Eros And The Eschaton have shared a video for their song, “Don’t.Look.So.Sad”, that was directed, photographed, and edited by John P Campbell. The song appears on the band’s recently released album,Home Address For Civil War, out now via Bar None Records.
Listen to the song, “Heaven Inside”, below.
There’s something in music that brings people together, so it makes sense that many musicians pair up to form musical groups as they form relationships and marriages. Katey Perdoni and Adam Hawkins have such a relationship, and Eros and the Eschaton is their group.
“The discussion of playing together was always part of our courtship. We were always fantasizing about eventually playing together,” Hawkins said. “It did take six or seven months until we decided we were going to do something, so we just hooked up to the computer and started recording songs.”
The two began placing these songs on their Bandcamp page, until Eros and the Eschaton was picked up by the Bar-None label, and it recorded its full-length album, “Home Addresses for Civil War.”
The pair was able to form the group based on mutual influences.
“When we were writing songs, the bands we talked about frequently early on were Yo La Tango, My Bloody Valentine, Velvet Underground and Neil Young,” Hawkins said. “Those were probably the big four for us.”
The two have a two-and-a-half year old son, who has both inhibited and improved the duo’s recording process, which lasted a year and a half.
“All the recording had to happen when he was napping or asleep, or when one of us could watch him and the other could go record. We didn’t have big chunks of time to set aside,” Hawkins said. “It worked out being a benefit because we were able to slowly examine each piece, each recording, each take and each instrument we were adding, and take time to see if we really liked it.”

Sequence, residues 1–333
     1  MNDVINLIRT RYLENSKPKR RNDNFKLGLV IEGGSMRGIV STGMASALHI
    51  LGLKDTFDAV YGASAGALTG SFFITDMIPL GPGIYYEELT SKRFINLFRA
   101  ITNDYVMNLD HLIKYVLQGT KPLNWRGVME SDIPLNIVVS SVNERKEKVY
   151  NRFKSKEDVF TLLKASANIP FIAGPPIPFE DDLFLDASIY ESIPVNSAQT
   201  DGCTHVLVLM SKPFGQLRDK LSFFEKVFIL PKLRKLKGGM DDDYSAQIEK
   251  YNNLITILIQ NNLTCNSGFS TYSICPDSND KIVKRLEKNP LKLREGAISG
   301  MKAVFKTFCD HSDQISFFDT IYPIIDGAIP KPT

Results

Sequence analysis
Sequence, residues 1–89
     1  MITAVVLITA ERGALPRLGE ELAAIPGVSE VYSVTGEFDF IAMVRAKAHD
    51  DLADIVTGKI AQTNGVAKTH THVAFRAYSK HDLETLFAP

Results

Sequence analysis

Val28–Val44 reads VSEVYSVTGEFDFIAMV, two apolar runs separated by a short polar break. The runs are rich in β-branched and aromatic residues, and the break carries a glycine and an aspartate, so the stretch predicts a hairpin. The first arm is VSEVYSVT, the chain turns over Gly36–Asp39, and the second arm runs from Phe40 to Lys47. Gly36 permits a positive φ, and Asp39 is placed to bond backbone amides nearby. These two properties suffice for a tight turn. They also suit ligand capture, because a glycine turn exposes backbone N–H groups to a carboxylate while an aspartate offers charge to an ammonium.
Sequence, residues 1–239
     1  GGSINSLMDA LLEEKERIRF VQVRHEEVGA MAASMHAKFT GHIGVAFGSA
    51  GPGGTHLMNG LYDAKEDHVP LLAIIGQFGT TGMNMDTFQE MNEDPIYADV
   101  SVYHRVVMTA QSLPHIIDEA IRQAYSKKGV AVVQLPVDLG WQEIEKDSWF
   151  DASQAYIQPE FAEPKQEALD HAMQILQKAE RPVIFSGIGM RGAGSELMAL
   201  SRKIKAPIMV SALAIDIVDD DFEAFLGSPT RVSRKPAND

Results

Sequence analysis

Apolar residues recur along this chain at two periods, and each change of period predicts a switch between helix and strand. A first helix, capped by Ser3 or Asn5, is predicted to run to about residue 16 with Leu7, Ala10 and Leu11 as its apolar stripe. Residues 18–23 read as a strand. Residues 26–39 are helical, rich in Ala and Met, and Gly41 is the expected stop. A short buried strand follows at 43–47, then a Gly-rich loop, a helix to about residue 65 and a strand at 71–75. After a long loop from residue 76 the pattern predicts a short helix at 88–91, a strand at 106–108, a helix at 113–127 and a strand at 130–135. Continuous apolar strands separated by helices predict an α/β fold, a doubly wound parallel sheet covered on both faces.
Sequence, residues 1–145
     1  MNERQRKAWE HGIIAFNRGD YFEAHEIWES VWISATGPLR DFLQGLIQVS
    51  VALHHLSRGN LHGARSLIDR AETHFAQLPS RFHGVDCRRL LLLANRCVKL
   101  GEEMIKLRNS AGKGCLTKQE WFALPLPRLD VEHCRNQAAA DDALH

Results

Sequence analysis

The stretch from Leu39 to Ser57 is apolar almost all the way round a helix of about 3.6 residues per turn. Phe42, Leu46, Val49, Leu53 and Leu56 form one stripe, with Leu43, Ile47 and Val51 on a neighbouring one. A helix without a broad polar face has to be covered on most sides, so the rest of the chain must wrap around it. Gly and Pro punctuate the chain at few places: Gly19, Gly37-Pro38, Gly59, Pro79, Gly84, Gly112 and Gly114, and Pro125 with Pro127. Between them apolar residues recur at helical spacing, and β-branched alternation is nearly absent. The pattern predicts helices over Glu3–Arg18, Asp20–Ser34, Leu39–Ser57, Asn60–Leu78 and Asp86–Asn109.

The duo’s songwriting has been largely a true collaboration over that period of time, with both artists lending their various ideas to the songs.
“We both mutually work on the initial idea, and then one person has a creative spurt and accomplishes the bigger picture, and we bring it back and work it together,” Hawkins said. “’Twenty Different Days’ for instance, we’d been talking about doing a song. We had a guitar part, and we knew what song we wanted to try, and we came up with a melody. Katey pounded out all the words, and we built the song together.”
The two record all the parts of the song together, which requires each of them overdubbing extra instrumentation on each track. This causes a problem when the duo tries to replicate the sounds on stage, with the limits of two instrumentalists.
“We did the first month of this tour with a band, so we had a guitar player and a drummer, but now we’ve been doing it as a two-piece,” Hawkins said. “It forces us to strip everything back and just figure out what the core components are to each song, and what are the necessary pieces to each song, and how we can do that with two people.”
The pair will continue touring around the East Coast, eventually stopping to start work on a new album.
“Katey and I are going to be on the road as a two piece until close to Thanksgiving, and then we’re planning on hunkering down in Colorado Springs,” Hawkins said. “We’re going to lay low and lay down the initial ideas for the next album, and plan out the next recording.”